I often have clients tell me that they have agreed everything with their spouses, following separation and that they don’t need anything done about that – they just want the divorce bit dealt with and then the Decree Absolute will finalise everything….won’t it?
The Decree Absolute finalises the divorce, it is true. Once you have that, you are no longer married. However, that does not terminate all of the claims which spouses have against each other. A divorced couple may well have agreed all of the financial arrangements but sometimes circumstances change and one party wants to re-visit the arrangements at a later date and they can, except in some limited circumstances such as re-marriage.
In order to dismiss any potential future claims and to make an agreement as to financial arrangements, final and binding, the parties should apply for a ‘consent order’. This is a document which can be drawn up by a solicitor and lodged with the Court for approval by a Judge. Once it has been approved and sealed by the Court, it is binding, unless in exceptional circumstances such as fraud. As well as giving the parties peace of mind about future claims being made, it also gives them something which they can produce as evidence of the agreement, if one of them does not adhere to the agreement. Punishments for breaching a Court order include: warning notices, enforcement orders, compensation and contempt of court proceedings.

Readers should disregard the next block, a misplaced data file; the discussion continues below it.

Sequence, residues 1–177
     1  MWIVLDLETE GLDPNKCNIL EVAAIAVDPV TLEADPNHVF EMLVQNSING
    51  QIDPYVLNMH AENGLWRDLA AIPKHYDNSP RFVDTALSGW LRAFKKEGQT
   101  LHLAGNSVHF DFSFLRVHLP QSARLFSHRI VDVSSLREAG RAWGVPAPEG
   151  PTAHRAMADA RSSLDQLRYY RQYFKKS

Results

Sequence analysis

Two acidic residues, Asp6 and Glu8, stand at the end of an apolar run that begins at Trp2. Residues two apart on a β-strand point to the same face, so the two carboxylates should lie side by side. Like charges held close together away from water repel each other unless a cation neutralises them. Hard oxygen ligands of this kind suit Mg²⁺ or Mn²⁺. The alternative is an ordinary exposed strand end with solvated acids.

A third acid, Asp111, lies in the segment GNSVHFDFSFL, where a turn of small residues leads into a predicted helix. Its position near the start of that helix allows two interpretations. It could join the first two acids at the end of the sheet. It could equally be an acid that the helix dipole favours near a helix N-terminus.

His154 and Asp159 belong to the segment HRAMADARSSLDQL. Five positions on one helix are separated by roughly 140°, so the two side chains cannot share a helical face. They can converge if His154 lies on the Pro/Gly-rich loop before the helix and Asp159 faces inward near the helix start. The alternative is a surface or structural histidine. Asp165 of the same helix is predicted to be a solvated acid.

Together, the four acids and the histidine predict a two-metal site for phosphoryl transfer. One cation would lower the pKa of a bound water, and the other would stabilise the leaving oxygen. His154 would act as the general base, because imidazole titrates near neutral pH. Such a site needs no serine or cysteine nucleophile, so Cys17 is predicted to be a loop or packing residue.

Once again, if in doubt, write it down.
For more information on the issues raised in this blog please do not hesitate to contact one of the team at Rayden Solicitors.